The following memes could be used as warm-up activities where students try to define/identify the comma rule that’s being misused (aka . . . why are these memes funny?), as part of Writing Workshop mini-lessons, or has reminders of and references to comma rules you’ve already taught.

The comma rules our memes are covering today are:

  • Use commas to separate words and word groups in a simple series of three or more items.
  • Use commas to set off the name, nickname, term of endearment, or title of a person directly addressed.

commas 2 commas 5 commas

Infographics of the Week for October 19-23: The History & Benefits of Social Media

“Infographics of the Week” is back!  The subject for next week’s cluster is all about social media as a way to reach customers and about the evolution and trends in social media.  With the constant barrage of the negative aspects of social media, these infographics could begin a conversation about social media that is broader than usual.

Infographics are fun and valuable ways to work with students in hitting CCSS.  They can easily be used for:

  • analysis practice (how ideas/claims are developed = RI.9-10.5, effectiveness of structure = RI.11-12.5)),
  • in-depth compare/contrast (what information is included in and excluded from each and why?, evaluation of sources, how sources address a question  – RI.9-10.7, RI.11-12.7)
  • evaluation of the credibility/reliability of sources – (W.9-12.8 – “assess the usefulness of each source”)
  • as a way to gather information on a question or topic (W.9-12.9)
  • models for organizing and designing their own research-based infographics (such an assignment would include W.9-12.4 [“development, organization, and style appropriate to task, purpose, and audience”], W.9-12.6 [“Use technology to produce, publish, and update individual or shared writing products, taking advantage of technology’s capacity to link to other information and to display information flexibly and dynamically.”], W.9-12.7 (“Conduct short as well as more sustained research projects to answer a question or solve a problem . . . synthesize multiple sources on the subject . . . demonstrate an understanding of the subject.)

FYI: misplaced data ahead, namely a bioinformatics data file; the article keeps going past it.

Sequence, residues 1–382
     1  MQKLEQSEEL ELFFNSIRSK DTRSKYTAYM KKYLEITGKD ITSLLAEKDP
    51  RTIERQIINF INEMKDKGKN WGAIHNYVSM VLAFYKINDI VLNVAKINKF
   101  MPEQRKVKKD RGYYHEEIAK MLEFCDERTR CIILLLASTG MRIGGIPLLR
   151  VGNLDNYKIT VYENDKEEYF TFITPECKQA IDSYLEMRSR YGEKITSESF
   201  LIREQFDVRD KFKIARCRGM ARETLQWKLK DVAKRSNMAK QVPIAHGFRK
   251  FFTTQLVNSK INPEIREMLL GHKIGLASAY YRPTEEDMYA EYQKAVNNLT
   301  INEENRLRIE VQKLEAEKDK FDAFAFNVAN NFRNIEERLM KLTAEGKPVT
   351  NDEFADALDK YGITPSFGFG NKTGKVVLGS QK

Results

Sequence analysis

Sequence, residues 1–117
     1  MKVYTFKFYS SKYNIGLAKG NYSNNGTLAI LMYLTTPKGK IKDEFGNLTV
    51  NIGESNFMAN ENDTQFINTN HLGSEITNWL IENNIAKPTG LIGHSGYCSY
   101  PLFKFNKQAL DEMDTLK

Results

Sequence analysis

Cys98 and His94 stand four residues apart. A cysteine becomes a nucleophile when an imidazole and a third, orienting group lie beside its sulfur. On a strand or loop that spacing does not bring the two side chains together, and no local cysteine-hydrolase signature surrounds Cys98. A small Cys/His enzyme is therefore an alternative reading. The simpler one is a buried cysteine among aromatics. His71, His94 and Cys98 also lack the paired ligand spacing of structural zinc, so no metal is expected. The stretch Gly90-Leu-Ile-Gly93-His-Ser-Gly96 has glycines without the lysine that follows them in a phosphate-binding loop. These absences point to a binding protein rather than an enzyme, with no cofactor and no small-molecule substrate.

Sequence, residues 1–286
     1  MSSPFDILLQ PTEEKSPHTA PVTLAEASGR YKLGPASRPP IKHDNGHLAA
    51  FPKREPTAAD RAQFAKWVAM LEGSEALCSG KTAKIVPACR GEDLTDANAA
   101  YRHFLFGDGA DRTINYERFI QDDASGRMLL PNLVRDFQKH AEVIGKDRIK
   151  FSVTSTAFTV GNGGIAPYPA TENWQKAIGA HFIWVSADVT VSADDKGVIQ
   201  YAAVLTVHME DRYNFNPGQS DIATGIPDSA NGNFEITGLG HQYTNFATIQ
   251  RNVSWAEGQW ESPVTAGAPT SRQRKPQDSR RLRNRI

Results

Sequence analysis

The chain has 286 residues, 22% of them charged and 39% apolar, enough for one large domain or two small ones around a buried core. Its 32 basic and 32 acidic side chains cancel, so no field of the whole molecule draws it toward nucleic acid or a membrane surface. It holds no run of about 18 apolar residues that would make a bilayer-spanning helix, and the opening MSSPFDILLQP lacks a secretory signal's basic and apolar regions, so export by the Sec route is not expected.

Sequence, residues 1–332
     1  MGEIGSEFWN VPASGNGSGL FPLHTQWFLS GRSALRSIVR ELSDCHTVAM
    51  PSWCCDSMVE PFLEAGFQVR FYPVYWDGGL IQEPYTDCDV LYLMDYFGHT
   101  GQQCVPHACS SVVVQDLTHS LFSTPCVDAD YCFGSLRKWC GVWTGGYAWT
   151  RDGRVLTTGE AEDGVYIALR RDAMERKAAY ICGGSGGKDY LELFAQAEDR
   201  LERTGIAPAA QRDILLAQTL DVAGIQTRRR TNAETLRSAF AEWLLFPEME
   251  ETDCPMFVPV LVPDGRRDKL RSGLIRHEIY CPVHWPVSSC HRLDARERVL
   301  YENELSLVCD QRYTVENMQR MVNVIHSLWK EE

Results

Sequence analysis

• Socratic Seminar texts and writing prompts
    2015-BusinessWire-MediaLeaders-PR-Social-Media-Infographic-700x700 a8445b4fa7241590c02e76782b31e313 history-social-media-2004-2014 social-media-trends-infographic social-media-users-02-2015-2

The New Fall Line-Up

In order to keep the blog “trending” and keep posts somewhat predictable so you can find what you’re looking for when you need it, I’ll be posting to the blogs each day according to the following hashtags:

Monday: #mememonday – Memes to use in the classroom, how to create memes, and assignments that use memes.

Tuesday: #techtuesdays – Websites, apps, and other tech resources to use in the classroom or to prep for the classroom

Wednesday: #writercrushwednesday – Highlights of writers we “crush” on with tangible uses of the author in the classroom. I would love some guest-bloggers for this!

Thursday: #throwbackthursday (#tbt) – Features a previous blog post that is current or relevant to the goings-on of the time

Friday: #freebiefridays – This is an anything-goes day that could include anything relevant to what we’re teaching.  Maybe I’ll even find a way to get some “freebies” available too!

I’ll also be bring back “Infographics of the Week,” that I’ll post by Thursday for the following week.

The fun begins next week! 🙂

Socratic Seminar & The Big Ideas: On Mars, Wonder, Colonization & Imperialism

Google Mars

Google’s animated Mars drinks water to celebrate NASA’s recent findings.

What are the implications of hunting/searching for life on Mars?

With the discovery of flowing water on Mars, many ethical issues are likely to arise as we consider, “What are the implications of hunting/searching for life on Mars?”  As educators, I think we are responsible for helping students understand, analyze, and evaluate what’s at stake with discoveries like this to ensure they become responsible and curious citizens.

We can do this by bringing the Mars announcement (liquid water!) to the classroom through Socratic Seminar.  Through Seminar, we can connect the news to some of the “big ideas” that run through some of the texts we teach.  This would make students think about the implications of the current event while also helping them understand connections and patterns among various texts, eras, etc. and create a larger context in which they could understand the big ideas in the texts they’re reading.

For resources on Socratic Seminar, check our the Socratic Seminar page

Here’s a quick sampling of some of the issues the news has covered with this finding:

Ian Sample, in his article in The Guardian, “NASA Scientists Find Evidence of Flowing Water on Mars,” quotes John Bridges: